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Newcastle, Nelson Street, Nos. 10 and 12, music hall




Music Speech and Dance Venue

Music Hall

Early Modern


Extant Building

Built in 1838, it replaced that previously built by Grainger in Blackett Street. It held lectures (by leading orators of the day, notably Charles Dickens and Dr. John Hunter Rutherford, the Scottish evangelist, doctor of medicine, educationalist and friend of the poor and disadvantaged), exhibitions and classical music concerts. In 1879 it became the New Tyne Concert Hall. In 1884 Horace Edward Moss bought the property. The Moss Empire chain also owned the Gaiety Theatre in Edinburgh and the Theatre Royal in Sunderland. Moss turned the Nelson Street music hall into the Gaiety Variety Theatre. The interior was decorated by Herr Svelder and Messrs. Dobie of Edinburgh. The Gaiety became known as the "Eldorado of the North". By 1890 it became obvious that the theatre was too small, and the Empire Theatre was opened in Newgate Street. Sandstone ashlar, 3 storeys. Steps up to 6-panelled door in round-arched surround. Panel over door incised MUSIC HALL 1838. The building has been redeveloped behind the façade so only the façade is of interest. LISTED GRADE 2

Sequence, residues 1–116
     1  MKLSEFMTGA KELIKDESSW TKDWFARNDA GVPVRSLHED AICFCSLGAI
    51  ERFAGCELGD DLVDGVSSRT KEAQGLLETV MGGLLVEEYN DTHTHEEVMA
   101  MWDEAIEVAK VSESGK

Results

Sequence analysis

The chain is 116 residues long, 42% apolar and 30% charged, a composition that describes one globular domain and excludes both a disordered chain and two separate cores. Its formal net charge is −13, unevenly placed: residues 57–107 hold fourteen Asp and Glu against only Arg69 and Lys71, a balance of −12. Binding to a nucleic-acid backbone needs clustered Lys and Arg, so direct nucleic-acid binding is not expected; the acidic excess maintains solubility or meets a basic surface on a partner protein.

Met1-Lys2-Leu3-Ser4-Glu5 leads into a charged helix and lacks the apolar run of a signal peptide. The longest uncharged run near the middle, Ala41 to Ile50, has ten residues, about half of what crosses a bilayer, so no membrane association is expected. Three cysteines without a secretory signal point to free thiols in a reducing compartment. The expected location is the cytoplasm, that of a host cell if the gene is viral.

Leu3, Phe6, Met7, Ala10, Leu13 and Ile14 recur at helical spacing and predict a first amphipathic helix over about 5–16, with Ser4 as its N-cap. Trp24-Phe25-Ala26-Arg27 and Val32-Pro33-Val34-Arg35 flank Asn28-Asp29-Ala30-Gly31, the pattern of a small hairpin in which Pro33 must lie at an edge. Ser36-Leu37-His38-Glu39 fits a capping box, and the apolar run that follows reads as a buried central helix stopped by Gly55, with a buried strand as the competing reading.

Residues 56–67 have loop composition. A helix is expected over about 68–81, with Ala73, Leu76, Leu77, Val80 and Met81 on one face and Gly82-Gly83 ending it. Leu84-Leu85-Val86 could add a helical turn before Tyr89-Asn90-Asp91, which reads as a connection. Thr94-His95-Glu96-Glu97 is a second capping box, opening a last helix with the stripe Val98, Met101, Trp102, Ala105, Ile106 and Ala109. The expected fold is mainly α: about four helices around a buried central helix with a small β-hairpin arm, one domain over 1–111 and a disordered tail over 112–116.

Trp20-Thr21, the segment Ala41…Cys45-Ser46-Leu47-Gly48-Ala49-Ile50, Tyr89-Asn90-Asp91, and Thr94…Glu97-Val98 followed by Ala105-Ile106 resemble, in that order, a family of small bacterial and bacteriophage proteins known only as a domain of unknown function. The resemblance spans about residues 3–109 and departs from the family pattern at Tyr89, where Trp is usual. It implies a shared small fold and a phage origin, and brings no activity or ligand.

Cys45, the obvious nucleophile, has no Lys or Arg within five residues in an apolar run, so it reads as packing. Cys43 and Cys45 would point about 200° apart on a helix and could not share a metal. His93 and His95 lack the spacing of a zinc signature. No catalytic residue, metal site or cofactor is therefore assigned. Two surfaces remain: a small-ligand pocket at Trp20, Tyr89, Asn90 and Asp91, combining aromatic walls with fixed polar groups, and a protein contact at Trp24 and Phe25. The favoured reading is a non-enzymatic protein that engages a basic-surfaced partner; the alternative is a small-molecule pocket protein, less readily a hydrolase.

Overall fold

Newcastle U3A Local History Group, 2001, A Brief History of Eldon Square South, Newcastle upon Tyne; Department of National Heritage, List of Buildings of Special Architectural and Historical Interest, 20/402; Frank Manders, 1991, Cinemas of Newcastle, pages 52-54; Grace McCombie, 2009, Newcastle and Gateshead - Pevsner Architectural Guide, p.158

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